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Monday, May 27, 2013

Establishing A Governing Body In Open Water Swimming

With greater number of individuals of all ages, abilities, and aspirations joining the sport, the number of officials, administrators, coaches, vendors, pilots, and volunteers is also rapidly increasing.

It is a large watery world out there and it is getting organized.

Over the last several years, a growing number of governing bodies and associations have also been established to promote, organize and govern the emerging sport of open water swimming.

These organizations are volunteer-driven and led by passionate individuals who have a vast knowledge and deep appreciation for the sport. The organizations include the Farallon Islands Swimming Association, Lake Tahoe Swimming Society, International Ice Swimming Association, Santa Barbara Channel Swimming Association, Vancouver Open Water Swimming Association, Northeast Kingdom Open Water Swimming Association, Japan International Open Water Swimming Association, Tsugaru Channel Swimming Association, Tsugaru Strait Swimming Association, Menorca Channel Swimming Association, Association of Korea Open Water Swimming, Universal Marathon Cold Swimming Association, L.O.S.T. Swimming, Dubai Open Water Swimming Sports Association, Great Lakes Open Water Swimming Association, Massachusetts Open Water Swimming Association, World Open Water Swimming Association, and many, many more.

These governing bodies and associations plan and sanction solo swims, competitive events, and relays. They provide officials and observers as well as escort pilot and volunteer lists. They set forth rules and regulations, protocols and procedures. They offer safety plans and advice as well as recognize qualification standards and ratify swims. They maintain databases and documentation on open water swimming activities and attempts under their jurisdiction, and largely post these online or otherwise make the information available to interested swimmers, coaches, parents, administrators, and the media.

The governing bodies are part of the continuum of the sport: their administrators aim to preserve the history of open water swimming in their jurisdiction as well as safeguard the present, and help promote swimmers and develop events in the future.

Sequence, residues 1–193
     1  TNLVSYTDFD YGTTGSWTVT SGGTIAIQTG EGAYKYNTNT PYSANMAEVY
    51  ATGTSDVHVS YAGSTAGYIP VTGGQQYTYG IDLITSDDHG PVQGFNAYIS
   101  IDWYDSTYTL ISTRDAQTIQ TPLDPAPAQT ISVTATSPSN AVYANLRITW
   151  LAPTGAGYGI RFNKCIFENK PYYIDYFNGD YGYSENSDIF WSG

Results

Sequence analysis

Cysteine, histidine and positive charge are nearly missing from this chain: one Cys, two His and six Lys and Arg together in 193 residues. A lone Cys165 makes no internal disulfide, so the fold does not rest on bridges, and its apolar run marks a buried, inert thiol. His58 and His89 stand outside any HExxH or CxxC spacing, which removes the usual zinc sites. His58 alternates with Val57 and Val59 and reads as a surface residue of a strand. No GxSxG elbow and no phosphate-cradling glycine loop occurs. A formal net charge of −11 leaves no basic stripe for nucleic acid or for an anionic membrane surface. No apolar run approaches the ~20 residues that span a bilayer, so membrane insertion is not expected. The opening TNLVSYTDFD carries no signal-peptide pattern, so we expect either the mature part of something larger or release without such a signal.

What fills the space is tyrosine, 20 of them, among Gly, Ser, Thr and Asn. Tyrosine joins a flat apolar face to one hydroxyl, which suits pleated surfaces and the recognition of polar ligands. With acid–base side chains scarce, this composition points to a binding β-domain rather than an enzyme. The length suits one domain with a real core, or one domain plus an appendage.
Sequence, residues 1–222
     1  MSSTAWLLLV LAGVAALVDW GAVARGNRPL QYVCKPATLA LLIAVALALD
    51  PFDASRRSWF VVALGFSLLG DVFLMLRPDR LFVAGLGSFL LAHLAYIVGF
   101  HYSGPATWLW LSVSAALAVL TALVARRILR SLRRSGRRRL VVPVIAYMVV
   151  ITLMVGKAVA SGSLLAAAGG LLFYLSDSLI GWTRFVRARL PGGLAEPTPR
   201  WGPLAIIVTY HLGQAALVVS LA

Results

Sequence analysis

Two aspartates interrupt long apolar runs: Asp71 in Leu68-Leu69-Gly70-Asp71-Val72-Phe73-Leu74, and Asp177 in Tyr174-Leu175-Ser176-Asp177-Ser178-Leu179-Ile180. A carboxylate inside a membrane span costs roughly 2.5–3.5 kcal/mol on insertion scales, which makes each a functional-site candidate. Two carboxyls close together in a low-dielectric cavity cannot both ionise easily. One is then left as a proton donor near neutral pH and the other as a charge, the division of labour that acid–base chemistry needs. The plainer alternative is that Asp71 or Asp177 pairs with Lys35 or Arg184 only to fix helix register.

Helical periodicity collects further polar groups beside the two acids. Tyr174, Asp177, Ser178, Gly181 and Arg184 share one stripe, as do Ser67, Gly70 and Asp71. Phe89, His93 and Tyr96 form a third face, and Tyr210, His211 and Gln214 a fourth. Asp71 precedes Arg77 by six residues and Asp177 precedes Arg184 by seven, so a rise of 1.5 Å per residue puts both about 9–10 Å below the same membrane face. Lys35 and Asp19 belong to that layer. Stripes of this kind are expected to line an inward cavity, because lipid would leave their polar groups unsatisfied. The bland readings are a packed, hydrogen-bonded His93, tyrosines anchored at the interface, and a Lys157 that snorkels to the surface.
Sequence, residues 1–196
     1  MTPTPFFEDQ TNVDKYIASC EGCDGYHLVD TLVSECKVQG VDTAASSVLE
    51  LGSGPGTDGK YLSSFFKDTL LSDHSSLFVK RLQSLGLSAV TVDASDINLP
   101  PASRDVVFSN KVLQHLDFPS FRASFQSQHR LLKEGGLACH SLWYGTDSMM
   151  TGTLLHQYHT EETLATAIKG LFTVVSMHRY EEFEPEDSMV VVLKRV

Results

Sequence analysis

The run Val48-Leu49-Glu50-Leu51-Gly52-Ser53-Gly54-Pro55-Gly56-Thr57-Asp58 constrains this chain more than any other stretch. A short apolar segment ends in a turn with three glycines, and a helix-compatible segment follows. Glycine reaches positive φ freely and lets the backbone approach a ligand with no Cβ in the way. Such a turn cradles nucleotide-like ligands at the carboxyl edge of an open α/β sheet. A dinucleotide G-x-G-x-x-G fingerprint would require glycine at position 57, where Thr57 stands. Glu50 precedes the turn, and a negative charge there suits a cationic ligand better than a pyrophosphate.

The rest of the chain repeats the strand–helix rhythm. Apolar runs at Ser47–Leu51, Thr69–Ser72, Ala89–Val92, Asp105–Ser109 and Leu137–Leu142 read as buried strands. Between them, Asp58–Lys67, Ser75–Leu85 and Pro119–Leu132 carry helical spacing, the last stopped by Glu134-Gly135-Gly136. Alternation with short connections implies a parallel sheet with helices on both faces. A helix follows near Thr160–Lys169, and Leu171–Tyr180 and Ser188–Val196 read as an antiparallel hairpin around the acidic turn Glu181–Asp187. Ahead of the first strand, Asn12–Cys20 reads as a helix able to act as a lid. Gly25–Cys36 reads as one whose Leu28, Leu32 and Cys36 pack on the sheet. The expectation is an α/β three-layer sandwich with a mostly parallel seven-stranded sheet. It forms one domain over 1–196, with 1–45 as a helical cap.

In some cases, the governing body must seek, interact and receive approval from local agencies or authorities that may include municipal governments or Coast Guard units. Examples include the Channel Swimming Association, Catalina Channel Swimming Federation, Channel Swimming & Piloting Association, and the Asociacion de cruce a nado del Estrecho de Gibraltar. Perhaps one of the most comprehensive and complicated coordination of governmental agencies and authorities is done by NYC Swim that organizes and governs its events as it also navigates approvals from municipal, state, and national agencies in one of the most crowded waterways of the world.

But for individuals or groups who wish to create their own governing body in their local area or to establish an association to manage a specific type of there is no overarching national or international legal entity that specifically grants permission or approval to establish or maintain another governing body in this sport. If there is any group of individuals who wish to establish their own governing body that is responsible for a certain regional area (e.g., Santa Barbara Channel Swimming Association), waterway Lake Tahoe Swimming Society), type of swimming (e.g., International Ice Swimming Association), or series of events (e.g., Japan International Open Water Swimming Association), they are free to do so.

In the case of the Fédération Internationale de Natation Amateur (FINA), it was asked to administer international competitions and establish rules back in 1908. But similar to relatively new sports like extreme sports, road racing, triathlon, fitness competitions, and beach volleyball, there are always a concurrent need, a renewed desire, and a collective advantage for athletes, coaches, managers, sponsors, and vendors, especially in emerging sports, to establish governing bodies.

This is where the passion, knowledge, time and talents of the local administrators comes in. They know the sport; they wish to promote it; they are able to support the growing community of athletes of all ages, abilities, backgrounds, goals, and locations.

When these individuals are committed and establish a governing body, their legitimacy fundamentally comes from the respect and acknowledgment of the athletes in that sport or local area, or in that particular discipline (e.g., extreme swimming). If the governing body provides information and data, promotion and rules, customer service and support (that can range from introduction of observers and education of officials, and providing timers and volunteers), then the community respects and acknowledges the reason for being by the new governing body.

While the new associations are helping define and support the sport, the long-time stalwarts of the sport - from the British Long Distance Swimming Association and the Irish Long Distance Swimming Association to the Hawaiian Channel Swim Association and the Catalina Channel Swimming Federation are examples of governing bodies in the open water swimming world that have long been supporting the sport and its athletes for decades. They have set standards that the newer organizations aim to achieve.

With 70% of the Planet Earth water and millions of people taking to it, there is a lot to organize.

Copyright © 2013 by World Open Water Swimming Association

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